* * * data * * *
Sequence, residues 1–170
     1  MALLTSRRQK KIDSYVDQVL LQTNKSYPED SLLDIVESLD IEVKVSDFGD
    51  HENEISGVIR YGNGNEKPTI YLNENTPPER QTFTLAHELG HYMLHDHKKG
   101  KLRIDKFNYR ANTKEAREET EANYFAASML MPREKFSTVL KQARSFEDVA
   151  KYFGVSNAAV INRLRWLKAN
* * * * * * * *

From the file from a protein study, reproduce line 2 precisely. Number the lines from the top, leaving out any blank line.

     1  MALLTSRRQK KIDSYVDQVL LQTNKSYPED SLLDIVESLD IEVKVSDFGD